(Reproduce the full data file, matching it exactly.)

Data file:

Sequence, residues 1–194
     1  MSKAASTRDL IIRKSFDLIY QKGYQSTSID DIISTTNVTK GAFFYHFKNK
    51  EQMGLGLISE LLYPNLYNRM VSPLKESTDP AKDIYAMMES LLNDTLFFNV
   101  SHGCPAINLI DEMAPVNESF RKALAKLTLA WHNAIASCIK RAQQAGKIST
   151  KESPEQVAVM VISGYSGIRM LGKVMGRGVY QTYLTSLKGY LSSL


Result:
Sequence, residues 1–194
     1  MSKAASTRDL IIRKSFDLIY QKGYQSTSID DIISTTNVTK GAFFYHFKNK
    51  EQMGLGLISE LLYPNLYNRM VSPLKESTDP AKDIYAMMES LLNDTLFFNV
   101  SHGCPAINLI DEMAPVNESF RKALAKLTLA WHNAIASCIK RAQQAGKIST
   151  KESPEQVAVM VISGYSGIRM LGKVMGRGVY QTYLTSLKGY LSSL